Subject-verb Agreement with Seq2Seq Transformers: Bigger Is Better, but Still Not Best

  • Michael A Wilson (Yale University)
  • Zhenghao Zhou (Yale University)
  • Robert Frank (Yale University)


Past work (Linzen et al., 2016; Goldberg, 2019, a.o.) has used the performance of neural network language models on subject-verb agreement to argue that such models possess structure-sensitive grammatical knowledge. We investigate what properties of the model or of the training regimen are implicated in such success in sequence to sequence transformer models that use the T5 architecture (Raffel et al., 2019; Tay et al., 2021). We find that larger models exhibit improved performance, especially in sentences with singular subjects. We also find that larger pre-training datasets are generally associated with higher performance, though models trained with less complex language (e.g., CHILDES, Simple English Wikipedia) can show more errors when trained with larger datasets. Finally, we show that a model\'s ability to replicate psycholinguistic results does not correspondingly improve with more parameters or more training data: none of the models we study displays a fully convincing replication of the hierarchically-informed pattern of agreement behavior observed in human experiments.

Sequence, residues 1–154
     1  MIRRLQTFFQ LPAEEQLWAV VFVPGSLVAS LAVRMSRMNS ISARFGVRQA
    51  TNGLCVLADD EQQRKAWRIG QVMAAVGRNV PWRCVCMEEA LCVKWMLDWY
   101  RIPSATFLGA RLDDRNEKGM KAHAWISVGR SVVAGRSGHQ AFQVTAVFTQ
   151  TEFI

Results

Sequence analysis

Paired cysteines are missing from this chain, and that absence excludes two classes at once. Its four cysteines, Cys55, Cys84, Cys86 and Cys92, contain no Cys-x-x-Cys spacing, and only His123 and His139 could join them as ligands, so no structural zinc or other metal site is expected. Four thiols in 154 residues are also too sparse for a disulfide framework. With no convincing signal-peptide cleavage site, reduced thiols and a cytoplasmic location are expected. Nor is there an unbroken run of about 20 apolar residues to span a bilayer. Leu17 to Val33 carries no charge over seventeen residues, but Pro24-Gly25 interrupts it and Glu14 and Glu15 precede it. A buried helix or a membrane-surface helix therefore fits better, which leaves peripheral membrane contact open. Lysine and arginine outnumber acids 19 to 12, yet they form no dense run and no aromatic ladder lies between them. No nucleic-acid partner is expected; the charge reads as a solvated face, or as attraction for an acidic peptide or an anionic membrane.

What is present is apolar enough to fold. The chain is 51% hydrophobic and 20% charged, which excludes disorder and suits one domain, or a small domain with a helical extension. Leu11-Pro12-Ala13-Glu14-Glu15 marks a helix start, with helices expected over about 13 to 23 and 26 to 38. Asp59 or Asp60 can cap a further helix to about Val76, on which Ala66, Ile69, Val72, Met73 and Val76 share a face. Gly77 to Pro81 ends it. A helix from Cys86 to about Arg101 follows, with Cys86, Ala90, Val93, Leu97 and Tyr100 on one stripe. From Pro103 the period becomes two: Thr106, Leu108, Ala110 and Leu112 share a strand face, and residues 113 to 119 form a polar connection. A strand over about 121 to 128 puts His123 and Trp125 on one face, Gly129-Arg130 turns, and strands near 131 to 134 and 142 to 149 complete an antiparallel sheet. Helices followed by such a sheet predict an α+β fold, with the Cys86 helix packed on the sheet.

Keywords: subject-verb agreement, transformer language models, sequence to sequence models, agreement attraction

How to Cite:

Wilson, M. A., Zhou, Z. & Frank, R., (2023) “Subject-verb Agreement with Seq2Seq Transformers: Bigger Is Better, but Still Not Best”, Society for Computation in Linguistics 6(1), 278-288. doi:

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Published on
01 Jun 2023